Last year wasn’t the easiest for Tony Sammartano.
Last year wasn’t the easiest for Tony Sammartano.
On his last Opening Day, Riverhead Little League president Tony Sammartano had some advice to share.
To parents: Enjoy these chilly spring days with your young kids. These will be the best memories.
To the audience: Take the time to volunteer with the Little League for your own children or your community. (more…)
Saturday’s opening day ceremony will be Tony Sammartano’s last as Riverhead Little League president. After about 15 years at the helm, organizing an activity that hundreds and hundreds of kids have had the opportunity to enjoy, it’s time for him to move on to greener pastures.
Problem is, it’s not exactly clear who, if anyone, is going to run the league after Tony and his wife, Jennifer — another of the league’s five board members — step down. (more…)
I have been involved in Riverhead Little League since 1996 when I began to coach my son Anthony in t-ball. I later became League President until 2002. I took a break to coach my son’s travel team for a few years. I was soon asked to come back by the members of the Board because the league was beginning to slip a bit and I have been the President ever since. (more…)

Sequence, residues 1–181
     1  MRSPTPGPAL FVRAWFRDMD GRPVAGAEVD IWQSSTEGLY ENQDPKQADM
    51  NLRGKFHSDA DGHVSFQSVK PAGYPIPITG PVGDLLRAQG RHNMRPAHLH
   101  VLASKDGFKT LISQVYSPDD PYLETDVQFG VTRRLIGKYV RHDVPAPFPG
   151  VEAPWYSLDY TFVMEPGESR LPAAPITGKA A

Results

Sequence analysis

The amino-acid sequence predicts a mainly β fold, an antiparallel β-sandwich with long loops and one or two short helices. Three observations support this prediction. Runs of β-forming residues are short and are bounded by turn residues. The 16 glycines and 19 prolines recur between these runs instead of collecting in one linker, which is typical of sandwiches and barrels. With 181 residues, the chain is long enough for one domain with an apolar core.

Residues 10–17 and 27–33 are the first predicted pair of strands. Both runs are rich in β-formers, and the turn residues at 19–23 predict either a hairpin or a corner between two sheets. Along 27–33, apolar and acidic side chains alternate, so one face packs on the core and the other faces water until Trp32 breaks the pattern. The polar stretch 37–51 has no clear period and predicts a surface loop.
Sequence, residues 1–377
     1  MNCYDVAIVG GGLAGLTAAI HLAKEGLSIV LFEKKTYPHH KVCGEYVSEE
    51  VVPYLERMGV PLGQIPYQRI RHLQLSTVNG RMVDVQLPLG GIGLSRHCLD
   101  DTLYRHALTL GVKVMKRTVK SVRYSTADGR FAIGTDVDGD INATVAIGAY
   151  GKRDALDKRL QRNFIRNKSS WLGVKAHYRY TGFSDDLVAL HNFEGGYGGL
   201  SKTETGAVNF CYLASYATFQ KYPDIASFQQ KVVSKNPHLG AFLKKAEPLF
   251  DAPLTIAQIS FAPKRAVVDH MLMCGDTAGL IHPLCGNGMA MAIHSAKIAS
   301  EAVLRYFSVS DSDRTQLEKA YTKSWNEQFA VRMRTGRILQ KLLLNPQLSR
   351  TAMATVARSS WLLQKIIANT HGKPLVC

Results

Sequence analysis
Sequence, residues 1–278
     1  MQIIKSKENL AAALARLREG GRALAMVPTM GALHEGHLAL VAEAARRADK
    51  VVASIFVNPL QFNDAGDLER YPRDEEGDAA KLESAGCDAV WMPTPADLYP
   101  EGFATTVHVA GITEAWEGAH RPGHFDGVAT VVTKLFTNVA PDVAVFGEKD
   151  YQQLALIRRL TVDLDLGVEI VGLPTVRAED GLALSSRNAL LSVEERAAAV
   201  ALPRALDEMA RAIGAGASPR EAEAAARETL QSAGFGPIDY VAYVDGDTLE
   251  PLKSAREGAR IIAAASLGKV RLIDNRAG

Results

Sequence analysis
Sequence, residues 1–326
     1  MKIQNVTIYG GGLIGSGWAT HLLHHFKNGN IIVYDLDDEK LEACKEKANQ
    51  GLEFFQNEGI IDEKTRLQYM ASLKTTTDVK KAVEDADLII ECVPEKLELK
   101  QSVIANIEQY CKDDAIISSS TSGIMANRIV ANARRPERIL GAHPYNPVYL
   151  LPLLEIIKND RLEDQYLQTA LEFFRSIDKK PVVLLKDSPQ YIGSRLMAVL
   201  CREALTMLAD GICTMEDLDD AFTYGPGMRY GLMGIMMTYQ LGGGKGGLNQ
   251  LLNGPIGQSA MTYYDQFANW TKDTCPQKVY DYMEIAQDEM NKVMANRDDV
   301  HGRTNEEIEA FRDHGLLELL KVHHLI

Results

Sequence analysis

In 1971, just south of the Peconic River and the turf of the long-established Riverhead Little League, a separate four-team league was formed in Flanders. It was something for the community to rally around, as much a part of its identity as the Big Duck or the Men’s Club.
But slowly, the Flanders Little League waned. Fewer children were interested in joining and sponsors dried up. Four teams became two.
The popularity of other sports had eaten into its base of players, which was already shrinking as fewer families moved into the area and demographics of the hamlet changed. (more…)
I cringe every time I hear about one of these over-the-top Little League coaches getting arrested.
Not just because I’m upset for their families and the kids they coach, but also because I’m embarrassed for myself.
It was not that long ago that I, too, was a meathead youth sports coach.
Now let’s get a few things straight: I never followed a kid from the other team to his bus stop and sent photos along with a threatening text to his parents, as Robert Sanfilippo of Huntington is alleged to have done, charges that helped earn him national headlines and possible jail time.